were profoundly affected by rare diseases and conditions, and on survey data revealing market and regulatory disincentives to therapeutic progress, Congress passed the Orphan Drug Act during a lame duck session in December 1992. Called the golden egg of the lame duck Congress by the head of the Generic Pharmaceutical Industry Association (GPIA), the bill was signed into law the rst week of January 1983 (30). The act (Public Law 97 414) was supported initially by the GPIA, which had begun seeking sponsors for developed orphan products, and eventually by the PMA after certain provisions were deleted or modied. Provisions in the law, and in subsequent amendments in 1984, 1985, and 1988, addressed market and regulatory issues and provided incentives for pharmaceutical industry development of drugs for the treatment of rare diseases. The law, as amended, denes a rare disease or condition as one that affects fewer than 200,000 persons in the United States. Alternatively, the disease or condition can affect more than 200,000 persons in the United States, if there is no reasonable expectation that the cost of developing and making a drug available for such disease or condition in the United States will be recovered from U.S. sales of the drug. Therefore, a drug can be designated by the FDA as an orphan by demonstrating applicability of the laws nancial criteria, regardless of the total number of people affected in the United States. Major provisions are the availability of two market incentives and the reduction of regulatory barriers. The FDA Ofce of Orphan Products Development administers nearly all the laws provisions. One incentive is seven years of market exclusivity granted by the FDA for a specic indication of a product. Exclusivity begins on the date the FDA approves the marketing application for the designated orphan drug and applies only to the indication for which the drug has been designated and approved. An application for designation as an orphan drug for a specic indication must be made before submission of the NDA (or biologic product license application, PLA) for market approval (31). Other sponsors can receive approval for a different drug to treat the same rare disease or can receive approval to market an identical drug for some other orphan or common indication. Market exclusivity, therefore, only precludes a second sponsor from obtaining approval to provide an identical drug for the identical orphan indication for which the rst sponsor received exclusive market approval. Initially, market exclusivity pertained only to unpatented products. A 1985 amendment allowed exclusive approval for all orphan drugs, whether patented or not. This change was designed to provide incentives for sponsors of products for the treatment of rare diseases whose patents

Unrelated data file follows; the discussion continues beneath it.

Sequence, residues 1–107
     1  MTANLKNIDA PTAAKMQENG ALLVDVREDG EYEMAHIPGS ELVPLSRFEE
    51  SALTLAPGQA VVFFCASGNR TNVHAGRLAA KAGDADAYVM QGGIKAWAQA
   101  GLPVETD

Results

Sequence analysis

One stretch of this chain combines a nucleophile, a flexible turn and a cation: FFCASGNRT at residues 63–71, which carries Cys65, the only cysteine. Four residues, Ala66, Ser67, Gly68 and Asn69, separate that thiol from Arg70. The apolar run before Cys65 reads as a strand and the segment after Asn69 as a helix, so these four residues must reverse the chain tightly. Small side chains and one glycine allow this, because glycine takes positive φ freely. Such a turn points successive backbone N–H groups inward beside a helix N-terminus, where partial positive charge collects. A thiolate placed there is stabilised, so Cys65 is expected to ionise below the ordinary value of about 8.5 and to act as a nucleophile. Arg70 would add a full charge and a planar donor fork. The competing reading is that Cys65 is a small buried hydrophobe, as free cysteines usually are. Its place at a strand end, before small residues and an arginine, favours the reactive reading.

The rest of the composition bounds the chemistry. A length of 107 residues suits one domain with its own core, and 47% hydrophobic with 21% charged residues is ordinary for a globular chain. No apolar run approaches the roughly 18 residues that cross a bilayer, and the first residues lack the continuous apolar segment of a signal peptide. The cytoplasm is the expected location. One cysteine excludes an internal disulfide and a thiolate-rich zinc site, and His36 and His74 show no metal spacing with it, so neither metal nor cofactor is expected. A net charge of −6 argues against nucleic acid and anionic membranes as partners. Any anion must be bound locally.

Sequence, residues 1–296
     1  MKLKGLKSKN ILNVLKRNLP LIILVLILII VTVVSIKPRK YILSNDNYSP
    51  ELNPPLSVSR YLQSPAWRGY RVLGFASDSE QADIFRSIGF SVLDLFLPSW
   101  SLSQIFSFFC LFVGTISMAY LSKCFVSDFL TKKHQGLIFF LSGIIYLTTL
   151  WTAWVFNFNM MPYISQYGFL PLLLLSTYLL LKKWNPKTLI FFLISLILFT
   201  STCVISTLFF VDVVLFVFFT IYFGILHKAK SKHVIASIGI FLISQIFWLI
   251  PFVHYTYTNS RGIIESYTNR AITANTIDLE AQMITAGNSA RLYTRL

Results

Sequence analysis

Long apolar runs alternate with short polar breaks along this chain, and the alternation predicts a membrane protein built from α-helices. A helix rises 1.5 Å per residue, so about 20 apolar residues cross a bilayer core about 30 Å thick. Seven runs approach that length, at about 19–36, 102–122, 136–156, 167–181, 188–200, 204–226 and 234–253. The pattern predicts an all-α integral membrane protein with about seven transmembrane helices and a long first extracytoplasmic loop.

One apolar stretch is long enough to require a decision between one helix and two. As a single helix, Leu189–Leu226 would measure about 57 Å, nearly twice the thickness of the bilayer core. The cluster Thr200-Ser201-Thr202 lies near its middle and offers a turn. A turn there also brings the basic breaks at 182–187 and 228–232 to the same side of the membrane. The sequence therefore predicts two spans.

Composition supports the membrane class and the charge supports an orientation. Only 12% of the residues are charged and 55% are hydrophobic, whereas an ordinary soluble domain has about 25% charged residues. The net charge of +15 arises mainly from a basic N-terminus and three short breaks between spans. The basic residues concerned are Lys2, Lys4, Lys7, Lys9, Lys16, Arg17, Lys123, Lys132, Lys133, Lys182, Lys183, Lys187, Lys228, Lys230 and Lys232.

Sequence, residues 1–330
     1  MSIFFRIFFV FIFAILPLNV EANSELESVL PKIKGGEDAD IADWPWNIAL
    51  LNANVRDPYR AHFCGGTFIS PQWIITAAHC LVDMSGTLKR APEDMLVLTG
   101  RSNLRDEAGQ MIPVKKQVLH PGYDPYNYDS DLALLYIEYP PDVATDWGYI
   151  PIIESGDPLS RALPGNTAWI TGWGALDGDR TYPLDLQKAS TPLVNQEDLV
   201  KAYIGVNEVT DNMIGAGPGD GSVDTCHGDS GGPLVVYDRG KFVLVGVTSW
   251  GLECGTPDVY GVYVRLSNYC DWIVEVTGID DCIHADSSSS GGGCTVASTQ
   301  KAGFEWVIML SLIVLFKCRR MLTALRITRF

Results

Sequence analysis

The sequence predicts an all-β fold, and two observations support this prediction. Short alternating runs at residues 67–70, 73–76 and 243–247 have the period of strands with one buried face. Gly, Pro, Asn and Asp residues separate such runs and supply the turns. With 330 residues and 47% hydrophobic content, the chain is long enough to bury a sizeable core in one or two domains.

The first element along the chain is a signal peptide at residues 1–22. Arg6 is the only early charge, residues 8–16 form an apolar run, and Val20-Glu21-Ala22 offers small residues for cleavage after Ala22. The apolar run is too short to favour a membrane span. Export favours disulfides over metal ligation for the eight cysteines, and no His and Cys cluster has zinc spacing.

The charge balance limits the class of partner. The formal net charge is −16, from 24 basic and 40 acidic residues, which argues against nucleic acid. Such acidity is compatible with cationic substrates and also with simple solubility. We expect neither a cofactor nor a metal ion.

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would expire before or soon after approval, or in cases in which prior publication (usually by an academic or government scientist) had precluded issuance of a patent. A second incentive provides tax credits equal to 50% of the costs of human clinical testing undertaken in any given year by a sponsor to generate data required for obtaining FDA market approval through successful completion of the NDA process. The Internal Revenue Service administers the tax credit provisions. The act provides for the FDA to award grants to support clinical studies of designated orphan products underdevelopment. FDA grant funding as of March 2000 from the FDA totaled $126.3 million. From initial funding in 1983 of $500,000 in grants, the grant program peaked in 1994 at $12.3 million and has declined slightly but steadily thereafter, totaling $11.1 million in 1999 (32). Applications are reviewed by outside experts and are funded according to a priority score. The FDA Ofce of Orphan Product Development provides information at its website (www.fda.gov/orphan/GRANTS/patients) on investigators seeking research subjects. Listed by the name of the disease or condition, information includes a description of the study, criteria for inclusion in clinical trials (such as age, stage of disease, etc.), and contact information on the clinical investigator seeking participants for clinical trials. Patients, their families, or their physicians are able to follow up with the clinical investigator. To address regulatory barriers the FDA also provides formal protocol assistance when requested by the sponsor of an orphan drug. Although formal review of a request for protocol assistance is the direct responsibility of the FDA Centers for Evaluation and Research (one for drugs, the other for biologicals), the Ofce of Orphan Products Development is responsible for ensuring that the request qualies for consideration. A sponsor need not have obtained orphan drug designation to receive protocol assistance.

Finally, the FDA is required to encourage sponsors to design open protocols for drug availability to patients not included in clinical trials.